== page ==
I live in Salford. I go to gigs. I write about the gigs. And other stuff...

Wednesday, May 18, 2005

The Futureheads, Manchester Academy, 9th May 2005

There's something strange going on tonight. We enter the venue towards the end of the opening band's set and hear screams, the scream of the Busted fan returned. I can't remember the name of the band but the one song I heard was shit, and dumb enough to be appreciated by the owners of the prepubescent wails. Maybe they had appeared on Saturday morning TV and were hotly tipped to be the next disposable icons of kiddie rock.

But no, the kids are still wailing during the interval before the arrival of the Mystery Jets. And they're wailing at the Mystery Jets as they set up their own gear. Given this, it's a surprise to find that the Mystery Jets play a fairly lumpen prog rock, are ugly as fuck and that their guitarist is old enough to be the father of the rest of them, and the grandaddy of the screamers. Not the ingredients for the new darlings of the kiddie rock scene, you'd have thought, and the band do, quite shamelessly, seem overawed by the adolescent attention.

So it's The Futureheads the kids have latched onto after the demise of Busted. Why they've fallen for four ordinary looking Sunderland lads with a penchant for loud new wave art rock I don't know; The Kaiser Chiefs with their wacky antics and straight-laced pop tunes would have been a more suitable choice. Anyway, at least us grown-ups in the audience are joining in now, drowning out the squeals for the most part as The Futureheads' opening blast of "Decent Days and Nights" followed closely by "The City Is Here For You To Use" goes down a storm. It's loud, energetic and pretty much what I'd expect from the band as they make their way through their eponymous album with the occasional b-side and cover thrown in for good measure. There's also a new track called "Areas" which indicates that there's gonna be no great advancement in the 'heads' sound on the difficult second album.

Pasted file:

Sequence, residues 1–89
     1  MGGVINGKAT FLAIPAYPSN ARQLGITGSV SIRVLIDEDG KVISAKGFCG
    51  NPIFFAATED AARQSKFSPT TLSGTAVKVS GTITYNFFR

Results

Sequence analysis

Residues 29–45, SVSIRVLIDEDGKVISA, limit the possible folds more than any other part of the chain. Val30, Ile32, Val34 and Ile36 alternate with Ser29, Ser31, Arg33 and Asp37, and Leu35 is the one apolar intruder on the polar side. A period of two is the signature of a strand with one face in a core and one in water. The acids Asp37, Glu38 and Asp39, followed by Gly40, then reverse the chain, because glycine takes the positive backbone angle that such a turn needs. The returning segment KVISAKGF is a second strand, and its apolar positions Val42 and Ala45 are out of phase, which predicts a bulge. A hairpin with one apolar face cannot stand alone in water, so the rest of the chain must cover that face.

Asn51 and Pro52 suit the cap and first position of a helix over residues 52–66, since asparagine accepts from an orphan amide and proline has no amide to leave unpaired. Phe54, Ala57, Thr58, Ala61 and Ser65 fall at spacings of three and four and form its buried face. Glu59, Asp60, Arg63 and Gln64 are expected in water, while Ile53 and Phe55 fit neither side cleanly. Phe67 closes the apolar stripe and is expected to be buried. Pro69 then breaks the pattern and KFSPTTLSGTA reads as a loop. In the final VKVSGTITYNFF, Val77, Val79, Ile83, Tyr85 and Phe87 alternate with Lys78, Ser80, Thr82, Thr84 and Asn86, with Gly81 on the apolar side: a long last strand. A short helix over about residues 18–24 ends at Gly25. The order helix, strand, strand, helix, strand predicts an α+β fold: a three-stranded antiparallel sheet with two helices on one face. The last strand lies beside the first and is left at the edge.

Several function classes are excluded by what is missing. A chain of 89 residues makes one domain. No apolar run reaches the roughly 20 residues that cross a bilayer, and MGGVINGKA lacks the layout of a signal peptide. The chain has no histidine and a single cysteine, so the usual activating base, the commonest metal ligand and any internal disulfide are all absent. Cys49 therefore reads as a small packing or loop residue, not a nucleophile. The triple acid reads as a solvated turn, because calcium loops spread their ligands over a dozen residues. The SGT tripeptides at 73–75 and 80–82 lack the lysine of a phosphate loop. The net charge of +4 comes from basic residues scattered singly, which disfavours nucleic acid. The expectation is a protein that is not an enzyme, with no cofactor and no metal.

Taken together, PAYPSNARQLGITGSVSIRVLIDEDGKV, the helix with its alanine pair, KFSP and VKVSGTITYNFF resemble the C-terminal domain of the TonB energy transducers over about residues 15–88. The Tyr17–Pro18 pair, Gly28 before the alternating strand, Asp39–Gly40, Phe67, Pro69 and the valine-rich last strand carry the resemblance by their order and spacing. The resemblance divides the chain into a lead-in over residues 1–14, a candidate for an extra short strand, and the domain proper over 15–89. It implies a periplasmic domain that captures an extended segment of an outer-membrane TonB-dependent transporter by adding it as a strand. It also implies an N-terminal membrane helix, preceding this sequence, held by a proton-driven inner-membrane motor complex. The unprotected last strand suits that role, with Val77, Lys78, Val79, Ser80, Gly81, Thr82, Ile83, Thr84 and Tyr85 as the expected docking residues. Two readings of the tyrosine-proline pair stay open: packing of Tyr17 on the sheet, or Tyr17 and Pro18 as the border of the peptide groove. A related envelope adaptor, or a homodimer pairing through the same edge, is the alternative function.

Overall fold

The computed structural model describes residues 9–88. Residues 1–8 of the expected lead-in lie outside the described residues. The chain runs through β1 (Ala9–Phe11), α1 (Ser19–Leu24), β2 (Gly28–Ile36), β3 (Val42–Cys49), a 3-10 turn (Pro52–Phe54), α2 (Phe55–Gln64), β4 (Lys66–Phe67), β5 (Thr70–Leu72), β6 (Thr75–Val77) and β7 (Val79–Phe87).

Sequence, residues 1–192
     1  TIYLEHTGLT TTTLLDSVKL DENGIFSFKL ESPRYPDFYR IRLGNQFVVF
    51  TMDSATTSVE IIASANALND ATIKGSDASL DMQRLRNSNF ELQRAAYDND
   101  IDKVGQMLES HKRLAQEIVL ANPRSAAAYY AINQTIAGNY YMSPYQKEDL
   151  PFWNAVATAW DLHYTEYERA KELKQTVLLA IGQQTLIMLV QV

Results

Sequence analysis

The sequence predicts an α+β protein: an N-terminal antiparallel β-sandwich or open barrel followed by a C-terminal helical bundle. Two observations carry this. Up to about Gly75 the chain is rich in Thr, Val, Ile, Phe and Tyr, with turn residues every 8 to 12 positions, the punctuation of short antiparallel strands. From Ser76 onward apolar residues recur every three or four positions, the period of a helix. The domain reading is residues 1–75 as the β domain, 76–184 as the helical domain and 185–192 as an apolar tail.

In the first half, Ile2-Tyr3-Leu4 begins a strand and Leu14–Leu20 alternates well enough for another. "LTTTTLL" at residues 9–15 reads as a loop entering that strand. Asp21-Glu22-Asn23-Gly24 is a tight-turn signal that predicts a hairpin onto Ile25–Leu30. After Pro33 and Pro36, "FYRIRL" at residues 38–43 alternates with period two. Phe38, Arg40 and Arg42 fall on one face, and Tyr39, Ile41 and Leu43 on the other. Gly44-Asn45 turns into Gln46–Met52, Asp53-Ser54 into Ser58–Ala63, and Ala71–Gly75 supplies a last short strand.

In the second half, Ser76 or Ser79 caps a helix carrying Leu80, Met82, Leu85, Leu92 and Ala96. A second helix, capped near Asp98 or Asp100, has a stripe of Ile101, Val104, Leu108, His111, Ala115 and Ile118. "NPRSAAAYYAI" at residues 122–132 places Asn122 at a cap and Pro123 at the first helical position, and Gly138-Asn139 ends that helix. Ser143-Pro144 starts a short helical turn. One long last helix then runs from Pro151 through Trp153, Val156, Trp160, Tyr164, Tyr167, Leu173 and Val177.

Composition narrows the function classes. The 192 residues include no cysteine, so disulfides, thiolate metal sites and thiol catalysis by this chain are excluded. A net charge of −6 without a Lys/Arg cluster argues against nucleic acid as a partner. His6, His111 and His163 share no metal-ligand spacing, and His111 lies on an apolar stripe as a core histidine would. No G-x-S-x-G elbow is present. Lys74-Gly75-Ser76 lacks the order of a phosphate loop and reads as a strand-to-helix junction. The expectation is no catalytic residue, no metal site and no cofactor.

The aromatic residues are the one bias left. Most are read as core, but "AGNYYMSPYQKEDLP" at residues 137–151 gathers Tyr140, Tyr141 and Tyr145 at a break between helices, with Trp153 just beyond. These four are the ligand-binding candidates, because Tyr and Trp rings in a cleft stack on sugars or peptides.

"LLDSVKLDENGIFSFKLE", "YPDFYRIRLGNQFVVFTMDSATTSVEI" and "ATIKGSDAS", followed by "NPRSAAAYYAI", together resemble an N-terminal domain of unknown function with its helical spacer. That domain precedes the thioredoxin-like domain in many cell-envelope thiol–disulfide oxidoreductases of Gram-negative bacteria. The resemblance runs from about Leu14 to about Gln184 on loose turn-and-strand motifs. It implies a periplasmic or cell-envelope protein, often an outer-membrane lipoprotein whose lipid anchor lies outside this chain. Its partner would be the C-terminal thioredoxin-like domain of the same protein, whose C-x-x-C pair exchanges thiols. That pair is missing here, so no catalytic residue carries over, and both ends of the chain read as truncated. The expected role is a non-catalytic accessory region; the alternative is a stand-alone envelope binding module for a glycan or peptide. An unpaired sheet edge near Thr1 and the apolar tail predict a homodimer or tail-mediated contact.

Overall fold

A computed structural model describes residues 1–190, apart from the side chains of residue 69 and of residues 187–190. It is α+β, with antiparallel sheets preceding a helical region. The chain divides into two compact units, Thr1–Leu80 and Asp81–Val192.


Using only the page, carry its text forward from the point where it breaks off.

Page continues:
Between songs they engage the crowd in a witty Wearside banter which soon becomes a witty but wearisome banter as it occurs between every single song, without fail. This slows the gig down and stops the band from getting any sort of momentum going, which is disappointing, although Ross, Barry and Jaff are all rather engaging in their on-stage musings. Drummer Dave says very little.

Highlights include "Robot", "Stupid And Shallow" and their excellent cover of Kate Bush's "Hounds Of Love" during which the crowd are invited to sing the oh-uh-oh parts. The encore includes a superb reading of "Danger Of The Water" ("our only slow song," they admit) as well as an electrifying "Le Garage" and proceedings are rounded off by an exhuberant half-cover of Neil Young's "Piece Of Crap" which, with its revamped verses, sounds as far from the original as their version of "Hounds of Love".

Everyone, kids and grown-ups alike, goes home happy, ears ringing. The Futureheads are a classy live act who could do with cutting down on the inter-song banter and just basically getting on with it to allow the natural energy of their songs to really thrive.

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